Watch, Pray and Sing the Divine Mercy Chaplet Again!

Join us on our OLPH Media web page and YouTube Channel to revisit and pray the Divine Mercy Chaplet anytime. Original composition, vocal and musical accompaniment used with permission from Corrie Marie Music.To learn more about singer, songwriter and Worship Leader Corrie Marie, please visit: https://www.patreon.com/corriemariemusic


Easter Monday, April 13
8:30am Mass

 

Easter Tuesday, April 14
8:30am Mass


Easter Wednesday, April 15
8:30am Mass

 

Easter Thursday, April 16
8:30am Mass


Easter Friday, April 17
8:30am Mass

 

Easter Saturday, April 18
8:30am Mass


Sunday of the Octave of Easter, April 19
9am Mass

 

3rd Sunday of Easter, April 26
9am Mass

Greetings from Father Mike | 5th Sunday in Easter

May 10, 2020

Brothers and Sisters,

Happy Mothers’ Day!

Let us give thanks and praise to our tender and compassionate God, who gave us our mothers, grandmothers, godmothers, aunts, and motherly figures so that we might know the love of God.  The care of our mothers is often our first lesson on the meaning of love. In these challenging times, our mothers often provide the best witness of generosity as they provide for their family’s physical, emotional, and spiritual needs. Thank you, mothers, for your faith-filled witness, which is a blessing along with our fathers as the first teachers of the faith.

My mother is truly a source of grace in my life. I remember the many ways she has taught and formed me. She has undoubtedly placed the needs of her seven children before her own. To stretch our family funds, she would spend hours clipping coupons from the Sunday paper and shop the sales, so we always had the blessings of a full table (and belly). And despite the pull and responsibility that goes hand-in-hand with raising a large family, my mom continually sought to fulfill the needs of her neighbors as well. For many years, she taught Sunday morning bible school. As her youngest entered school, she served as both a second-grade Teacher’s Aid and a Religious Education catechist for Sacred Heart School and Parish in Glyndon. My mom was involved in the formation of almost every first communicant at Sacred Heart for fifteen years. Her heart for service extended to the local pregnancy center too, where she answered support calls, praying, and intervening for life before an abortion clinic.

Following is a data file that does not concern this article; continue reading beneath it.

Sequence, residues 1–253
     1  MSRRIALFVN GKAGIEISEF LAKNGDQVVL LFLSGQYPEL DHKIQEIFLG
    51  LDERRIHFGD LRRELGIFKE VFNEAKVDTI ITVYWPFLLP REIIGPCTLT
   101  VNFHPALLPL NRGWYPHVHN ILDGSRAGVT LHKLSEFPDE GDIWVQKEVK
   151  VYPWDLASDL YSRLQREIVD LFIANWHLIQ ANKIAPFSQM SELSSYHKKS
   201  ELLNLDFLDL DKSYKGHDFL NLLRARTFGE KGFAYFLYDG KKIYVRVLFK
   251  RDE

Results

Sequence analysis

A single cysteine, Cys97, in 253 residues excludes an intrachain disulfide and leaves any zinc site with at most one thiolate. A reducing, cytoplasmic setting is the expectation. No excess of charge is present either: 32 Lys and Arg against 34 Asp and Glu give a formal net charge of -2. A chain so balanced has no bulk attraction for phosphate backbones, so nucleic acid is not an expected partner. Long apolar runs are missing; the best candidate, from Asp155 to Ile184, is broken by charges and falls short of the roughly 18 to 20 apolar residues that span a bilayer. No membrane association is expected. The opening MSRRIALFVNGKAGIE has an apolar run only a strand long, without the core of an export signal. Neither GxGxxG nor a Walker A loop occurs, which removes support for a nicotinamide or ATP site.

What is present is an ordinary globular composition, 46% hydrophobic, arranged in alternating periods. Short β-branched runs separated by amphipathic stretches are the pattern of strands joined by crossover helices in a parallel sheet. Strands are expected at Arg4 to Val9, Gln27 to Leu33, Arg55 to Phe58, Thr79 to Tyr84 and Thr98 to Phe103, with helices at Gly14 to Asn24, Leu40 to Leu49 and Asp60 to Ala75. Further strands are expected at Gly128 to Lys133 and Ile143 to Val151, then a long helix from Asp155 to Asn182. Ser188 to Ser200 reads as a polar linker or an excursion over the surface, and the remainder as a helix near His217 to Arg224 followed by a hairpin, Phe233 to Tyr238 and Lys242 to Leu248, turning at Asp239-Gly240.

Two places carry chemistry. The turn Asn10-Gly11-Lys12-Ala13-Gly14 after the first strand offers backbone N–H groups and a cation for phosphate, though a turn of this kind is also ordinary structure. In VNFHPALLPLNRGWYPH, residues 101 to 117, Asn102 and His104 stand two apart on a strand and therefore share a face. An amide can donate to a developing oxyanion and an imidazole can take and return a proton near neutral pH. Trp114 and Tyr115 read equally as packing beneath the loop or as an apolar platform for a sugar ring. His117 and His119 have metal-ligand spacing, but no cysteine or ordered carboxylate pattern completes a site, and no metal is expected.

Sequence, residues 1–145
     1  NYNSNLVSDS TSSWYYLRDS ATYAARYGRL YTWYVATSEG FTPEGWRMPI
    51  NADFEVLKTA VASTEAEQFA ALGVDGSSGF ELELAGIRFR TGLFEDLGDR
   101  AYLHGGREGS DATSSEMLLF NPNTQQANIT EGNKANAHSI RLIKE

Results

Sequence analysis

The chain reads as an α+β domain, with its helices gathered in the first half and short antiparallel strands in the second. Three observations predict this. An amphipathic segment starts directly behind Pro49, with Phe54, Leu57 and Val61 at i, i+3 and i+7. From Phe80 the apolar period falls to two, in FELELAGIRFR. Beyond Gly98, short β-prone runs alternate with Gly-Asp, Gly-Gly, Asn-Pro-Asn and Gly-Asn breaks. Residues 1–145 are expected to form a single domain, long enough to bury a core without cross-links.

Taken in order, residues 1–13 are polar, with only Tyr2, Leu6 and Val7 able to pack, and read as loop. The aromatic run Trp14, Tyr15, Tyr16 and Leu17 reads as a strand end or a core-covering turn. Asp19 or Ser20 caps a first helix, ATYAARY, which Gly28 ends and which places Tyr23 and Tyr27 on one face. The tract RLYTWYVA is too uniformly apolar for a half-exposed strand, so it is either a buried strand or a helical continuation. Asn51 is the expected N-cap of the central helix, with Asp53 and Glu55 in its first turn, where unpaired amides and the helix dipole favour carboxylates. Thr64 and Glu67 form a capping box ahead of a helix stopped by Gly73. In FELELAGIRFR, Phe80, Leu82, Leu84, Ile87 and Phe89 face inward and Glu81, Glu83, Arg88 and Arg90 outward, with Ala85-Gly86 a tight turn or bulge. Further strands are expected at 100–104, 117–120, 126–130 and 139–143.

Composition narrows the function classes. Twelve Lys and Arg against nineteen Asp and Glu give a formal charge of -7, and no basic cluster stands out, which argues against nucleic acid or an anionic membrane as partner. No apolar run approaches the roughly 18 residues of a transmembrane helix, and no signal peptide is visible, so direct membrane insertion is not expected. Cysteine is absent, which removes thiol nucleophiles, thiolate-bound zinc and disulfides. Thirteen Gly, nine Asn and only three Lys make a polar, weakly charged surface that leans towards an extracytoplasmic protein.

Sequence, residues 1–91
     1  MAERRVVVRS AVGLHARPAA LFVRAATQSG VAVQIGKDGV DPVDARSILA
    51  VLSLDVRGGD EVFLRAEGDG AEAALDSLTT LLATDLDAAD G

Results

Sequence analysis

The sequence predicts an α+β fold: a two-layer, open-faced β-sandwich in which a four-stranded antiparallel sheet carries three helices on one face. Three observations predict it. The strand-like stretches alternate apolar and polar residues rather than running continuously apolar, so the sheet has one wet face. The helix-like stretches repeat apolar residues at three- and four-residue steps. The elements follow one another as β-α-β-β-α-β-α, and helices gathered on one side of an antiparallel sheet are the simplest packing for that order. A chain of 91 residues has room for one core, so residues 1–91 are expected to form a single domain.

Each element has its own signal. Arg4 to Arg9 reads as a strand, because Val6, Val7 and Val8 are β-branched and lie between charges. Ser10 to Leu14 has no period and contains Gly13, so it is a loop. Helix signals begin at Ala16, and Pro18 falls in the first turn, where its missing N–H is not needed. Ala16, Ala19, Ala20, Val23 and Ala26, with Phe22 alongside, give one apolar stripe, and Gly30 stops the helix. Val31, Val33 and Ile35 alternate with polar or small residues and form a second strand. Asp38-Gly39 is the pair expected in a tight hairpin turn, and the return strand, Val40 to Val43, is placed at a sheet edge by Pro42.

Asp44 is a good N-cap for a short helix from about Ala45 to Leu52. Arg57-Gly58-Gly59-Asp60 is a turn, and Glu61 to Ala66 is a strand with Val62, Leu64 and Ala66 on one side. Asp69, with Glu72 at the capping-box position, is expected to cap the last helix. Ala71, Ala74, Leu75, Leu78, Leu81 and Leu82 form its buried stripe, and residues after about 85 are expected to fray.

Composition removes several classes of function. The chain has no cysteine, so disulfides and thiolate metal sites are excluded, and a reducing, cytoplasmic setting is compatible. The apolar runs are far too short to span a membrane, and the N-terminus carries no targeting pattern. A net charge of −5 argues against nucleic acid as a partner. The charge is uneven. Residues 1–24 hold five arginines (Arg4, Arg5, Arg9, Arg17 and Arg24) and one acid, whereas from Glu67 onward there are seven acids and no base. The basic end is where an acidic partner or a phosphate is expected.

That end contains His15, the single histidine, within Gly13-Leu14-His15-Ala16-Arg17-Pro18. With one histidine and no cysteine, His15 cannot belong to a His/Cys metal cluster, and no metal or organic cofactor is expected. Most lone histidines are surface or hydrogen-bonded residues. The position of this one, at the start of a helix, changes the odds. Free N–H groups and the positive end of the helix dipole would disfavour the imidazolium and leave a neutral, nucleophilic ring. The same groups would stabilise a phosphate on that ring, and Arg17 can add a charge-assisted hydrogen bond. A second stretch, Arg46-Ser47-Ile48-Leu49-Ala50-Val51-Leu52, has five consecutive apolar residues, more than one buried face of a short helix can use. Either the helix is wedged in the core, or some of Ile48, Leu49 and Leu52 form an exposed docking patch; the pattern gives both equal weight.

Before I was born, my mother was engaged in a women’s bible study, a small faith community of women, most of whom still meet weekly to this day. My mother would wake early to read and pray with the Scriptures. She recognizes the importance of making time with the Lord and continued spiritual growth. She has lived out the call described by Peter, “You are a chosen race, a royal priesthood, a holy nation, a people of his own, so that you may announce the praises’ of him who called you out of darkness into his wonderful light.'” Thanks, Mom, for your witness — you are an inspiration! And, to mothers who call OLPH Parish home, thank you for your witness to the Lord Jesus, and dedication to the way, truth, and life. I offer special gratitude and sincere thanks to those among us who have answered the call to adopt or foster children, expanding your homes and hope into our world at the same time.